Lauren Ober, Seven Days
June 16, 2010

On a drizzly weekday morning, Allen Van Anda pumps gallons of mash into a lauter tun where the liquid strained from the grains will eventually be turned into lager. It’s early still, but things have been cooking in Van Anda’s brewery since 6 a.m. If this day is anything like an average workday, he’ll probably be here until close to midnight.

The lanky brewmaster doesn’t mind the long days. He’s making great beer, he reasons. Plus, his office, a garage below a deli/bakery, comes with a great view. Even on a rainy day, the vista — a lush meadow with a backdrop of evergreens near the Trapp Family Lodge — is spectacular.

Van Anda, 32, is the inaugural brewer of Trapp Lager, the newest offering from the iconic Stowe resort. The appearance of the brewery, which opened in April to wide acclaim, is just one of a number of changes aimed at diversifying the four-season resort. Earlier this season, the Lodge opened its ski trails to public mountain biking for the first time. While the Trapp Family Lodge of the past might have been steeped in Nordic skiing traditions and Austrian alpine charm, today’s resort is contemporary, with far more to do than sit and admire the view.

The shining up of the Trapp Family Lodge has a lot to do with the return of Sam von Trapp, the energetic son of the resort’s president, Johannes von Trapp, and grandson of the famed Baron von Trapp and his wife, Maria. After a long absence teaching skiing in Colorado and Chile, Sam von Trapp came back to the family business in 2007.

Von Trapp is about as enthusiastic a man as you’re likely to meet. When he speaks, his mouth naturally peels into a smile, making him seem excited about nearly everything he says. With his rugged good looks and athletic stature, it’s no wonder he appeared on People magazine’s Top 50 Bachelors list in 2001 — a piece of press that continues to elicit ribbing from his friends. Today the 37-year-old is a bachelor no more: He married his longtime Chilean girlfriend, Elisa Sepúlveda, last year.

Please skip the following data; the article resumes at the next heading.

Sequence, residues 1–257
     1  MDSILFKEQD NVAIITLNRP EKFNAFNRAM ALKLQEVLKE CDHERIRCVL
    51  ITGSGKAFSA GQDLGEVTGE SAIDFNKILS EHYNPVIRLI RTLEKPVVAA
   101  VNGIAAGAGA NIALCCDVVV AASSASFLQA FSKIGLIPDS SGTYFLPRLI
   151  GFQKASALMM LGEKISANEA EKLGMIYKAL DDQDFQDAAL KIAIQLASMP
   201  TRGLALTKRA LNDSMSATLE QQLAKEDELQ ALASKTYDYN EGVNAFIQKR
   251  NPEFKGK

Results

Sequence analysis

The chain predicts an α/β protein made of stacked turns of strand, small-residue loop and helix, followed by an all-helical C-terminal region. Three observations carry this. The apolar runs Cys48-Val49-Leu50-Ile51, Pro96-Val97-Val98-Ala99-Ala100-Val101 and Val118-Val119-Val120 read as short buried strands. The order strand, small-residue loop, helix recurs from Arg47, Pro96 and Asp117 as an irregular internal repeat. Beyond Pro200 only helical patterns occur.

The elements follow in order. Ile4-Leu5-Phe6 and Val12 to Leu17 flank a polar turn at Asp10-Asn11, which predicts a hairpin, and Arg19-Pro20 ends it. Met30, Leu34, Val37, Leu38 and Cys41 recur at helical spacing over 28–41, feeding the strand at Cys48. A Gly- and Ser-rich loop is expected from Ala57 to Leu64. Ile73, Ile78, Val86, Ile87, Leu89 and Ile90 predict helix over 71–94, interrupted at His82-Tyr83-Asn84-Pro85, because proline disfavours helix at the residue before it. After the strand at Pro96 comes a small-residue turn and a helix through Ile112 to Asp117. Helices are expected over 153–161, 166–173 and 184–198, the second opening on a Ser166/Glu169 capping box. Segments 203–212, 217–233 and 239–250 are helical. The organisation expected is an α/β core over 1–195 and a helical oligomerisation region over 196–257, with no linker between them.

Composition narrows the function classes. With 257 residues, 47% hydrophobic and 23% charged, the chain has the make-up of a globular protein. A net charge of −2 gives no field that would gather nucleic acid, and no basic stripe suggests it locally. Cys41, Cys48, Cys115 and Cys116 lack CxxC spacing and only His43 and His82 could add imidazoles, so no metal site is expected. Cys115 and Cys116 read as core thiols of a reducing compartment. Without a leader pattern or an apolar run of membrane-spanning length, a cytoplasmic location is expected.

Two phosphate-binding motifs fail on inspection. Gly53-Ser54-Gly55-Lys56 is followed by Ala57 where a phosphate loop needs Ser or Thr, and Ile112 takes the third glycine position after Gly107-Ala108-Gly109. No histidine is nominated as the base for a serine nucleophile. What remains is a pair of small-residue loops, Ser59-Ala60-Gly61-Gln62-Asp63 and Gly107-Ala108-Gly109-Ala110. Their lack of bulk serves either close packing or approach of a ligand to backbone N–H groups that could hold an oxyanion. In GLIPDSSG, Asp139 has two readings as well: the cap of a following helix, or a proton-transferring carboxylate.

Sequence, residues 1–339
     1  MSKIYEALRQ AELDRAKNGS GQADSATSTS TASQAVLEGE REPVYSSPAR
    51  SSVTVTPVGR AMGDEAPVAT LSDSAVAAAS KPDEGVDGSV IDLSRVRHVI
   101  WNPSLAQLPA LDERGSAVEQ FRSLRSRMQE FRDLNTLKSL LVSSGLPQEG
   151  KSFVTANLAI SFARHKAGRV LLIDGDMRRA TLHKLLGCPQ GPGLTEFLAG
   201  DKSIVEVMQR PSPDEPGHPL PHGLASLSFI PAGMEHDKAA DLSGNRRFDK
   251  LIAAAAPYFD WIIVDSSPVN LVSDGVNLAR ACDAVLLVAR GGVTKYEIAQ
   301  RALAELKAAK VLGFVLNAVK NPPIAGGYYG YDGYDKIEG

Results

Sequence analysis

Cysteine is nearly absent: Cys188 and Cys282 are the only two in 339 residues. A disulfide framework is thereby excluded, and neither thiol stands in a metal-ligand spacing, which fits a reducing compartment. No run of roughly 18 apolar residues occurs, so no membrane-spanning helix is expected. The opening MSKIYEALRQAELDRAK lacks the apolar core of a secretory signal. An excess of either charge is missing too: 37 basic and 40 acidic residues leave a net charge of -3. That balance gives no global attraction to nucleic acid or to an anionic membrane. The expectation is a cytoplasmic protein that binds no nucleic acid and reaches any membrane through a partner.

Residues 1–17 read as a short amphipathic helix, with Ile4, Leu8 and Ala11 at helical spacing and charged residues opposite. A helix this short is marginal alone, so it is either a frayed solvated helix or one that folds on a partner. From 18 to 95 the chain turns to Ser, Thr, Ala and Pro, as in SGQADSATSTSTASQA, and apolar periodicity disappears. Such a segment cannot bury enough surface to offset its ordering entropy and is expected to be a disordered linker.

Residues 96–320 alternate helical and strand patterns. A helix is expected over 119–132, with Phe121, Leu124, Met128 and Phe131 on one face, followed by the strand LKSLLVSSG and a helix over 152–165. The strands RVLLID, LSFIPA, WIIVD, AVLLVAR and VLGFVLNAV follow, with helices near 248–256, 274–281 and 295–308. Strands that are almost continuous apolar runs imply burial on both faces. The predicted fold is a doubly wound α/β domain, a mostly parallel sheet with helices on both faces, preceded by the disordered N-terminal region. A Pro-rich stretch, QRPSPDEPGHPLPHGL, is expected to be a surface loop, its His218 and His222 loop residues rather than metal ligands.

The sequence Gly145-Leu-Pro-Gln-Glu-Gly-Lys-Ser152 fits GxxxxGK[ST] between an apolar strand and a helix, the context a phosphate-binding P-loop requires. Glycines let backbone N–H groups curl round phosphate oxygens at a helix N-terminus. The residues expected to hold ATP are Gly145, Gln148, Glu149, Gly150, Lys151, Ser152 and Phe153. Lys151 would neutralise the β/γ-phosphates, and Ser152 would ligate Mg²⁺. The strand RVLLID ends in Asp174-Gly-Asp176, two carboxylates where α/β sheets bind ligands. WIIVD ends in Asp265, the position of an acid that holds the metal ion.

As the resort’s vice president and director of operations, von Trapp has the responsibility of overseeing its many moving parts. Currently, the 2400-acre property supports hiking, tennis, fishing, organic gardens, a herd of Scottish Highland cattle, yoga, maple sugaring, music concerts and a host of other activities. Von Trapp recently presided over the conversion of the Austrian Tea Room to a “DeliBakery” and, while the brewery was his father’s dream, it was the younger von Trapp who saw the idea to fruition.

“It’s definitely been revitalized,” von Trapp says of the resort. “It’s partly been because of the combination of my sister and me returning.” He’s referring to his older sister, Kristina, 40, who lives on the property and teaches many of the resort’s ski clinics in the winter. Both siblings help lead tours of the family’s property, a novelty relished by many fans of The Sound of Music, the 1965 movie loosely based on the von Trapp family history.

The von Trapp heirs’ return to their birthright has not only punched up the energy level at the resort; it has reinvigorated their father. Johannes von Trapp now has family he can depend on to implement ideas he’s been sitting on, says Sam: “A lot of it is my father getting more excited day to day. The fact that we’re all working together has given him the motivation.”

With the national explosion of craft brewing in the past decade, one can see why the prospect of a top-flight microbrewery taking up residence on the property makes the family a little giddy.

The DeliBakery, where the brewery is housed, is the former residence of von Trapp’s uncle, Werner. To accommodate the large brewing tanks, the structure had to be completely remodeled. Brewer Van Anda, who previously worked at Vermont Soy and Rock Art Brewery, oversaw the process. “They hired me and then said, ‘Go build it,’” he says.

And build it he did. Initially, Van Anda and the von Trapps decided on a seven-barrel brewery. But Van Anda pushed them to double the size, and now he’s glad he did. In just two months of brewing, Trapp Lager has become one of the most popular Vermont beers on tap in the area. Brewed with water from the resort’s artesian spring, it’s found in an astounding 75 bars and restaurants in Vermont, and the brewery can barely keep up with the demand.